Drone MIT

Drones are the “IT” thing right now. Though the technology is being used by defence forces all around the world since decades now, the technology came into the lives of the common man only recently. That’s the reason that our drone technology and design is still ages behind from the ones being employed by the forces. While we’re still stuck at the classic quadcopter, which is basically a square with four rotors, a battery, and maybe a camera, the defence drones have advanced way beyond the infancy stage.

If you’re one of those common man who was always fascinated with the idea of drones and maybe even aspired to build one for yourself someday, voila, you’re dream has finally come true. Don’t fret, you do not need to be adept in robotics, aeronautics, computer science, control systems and fabrication etc. While the knowledge of all these aforementioned subjects were required in the earlier days to make a drone, now all you need to know is how to work a screwdriver and you’re set. Yes, we’re serious. If you know which end of a screwdriver to hold, you can now design your very own drone. This has all been made possible courtesy a software developed by MIT’s Computer Science and Artificial Intelligence Laboratory. One can even virtually test their drone and work out all the kinks.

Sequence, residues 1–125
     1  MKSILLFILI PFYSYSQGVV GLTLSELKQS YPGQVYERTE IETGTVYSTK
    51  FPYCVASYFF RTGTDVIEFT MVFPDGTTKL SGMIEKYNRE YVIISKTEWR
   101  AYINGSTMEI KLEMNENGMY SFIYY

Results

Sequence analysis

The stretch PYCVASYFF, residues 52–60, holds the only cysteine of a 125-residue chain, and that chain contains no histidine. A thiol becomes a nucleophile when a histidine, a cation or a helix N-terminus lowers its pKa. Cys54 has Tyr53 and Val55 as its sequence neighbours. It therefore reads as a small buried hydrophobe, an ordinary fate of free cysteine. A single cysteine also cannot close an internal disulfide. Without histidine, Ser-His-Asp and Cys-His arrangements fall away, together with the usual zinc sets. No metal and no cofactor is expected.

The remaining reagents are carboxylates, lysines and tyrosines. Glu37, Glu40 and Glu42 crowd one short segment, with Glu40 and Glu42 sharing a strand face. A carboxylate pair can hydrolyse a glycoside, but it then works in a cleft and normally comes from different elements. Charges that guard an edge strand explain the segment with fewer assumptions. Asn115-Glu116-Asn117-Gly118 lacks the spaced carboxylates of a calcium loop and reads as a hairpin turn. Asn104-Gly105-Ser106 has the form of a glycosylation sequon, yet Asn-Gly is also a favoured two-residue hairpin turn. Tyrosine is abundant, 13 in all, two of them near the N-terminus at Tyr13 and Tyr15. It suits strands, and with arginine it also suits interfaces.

The nine-month MIT project has made it possible for anyone with basic screwdriver knowledge to explore and try drone different shapes and different controllers.


According to Tao Du, who led the project, their tools will enable drone enthusiasts to mix and match parts from a database, and create a drone of any size, with as many rotors as they like and just about anywhere they feel like. The software even tells the users whether their drone will fly, and how they can optimise the whole thing to suit the their desired batter life, payload, and even the cost.

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Du is hopeful that they will be able to release the software code by June this year, so that people from every nook and corner of the world can join in the drone fun.

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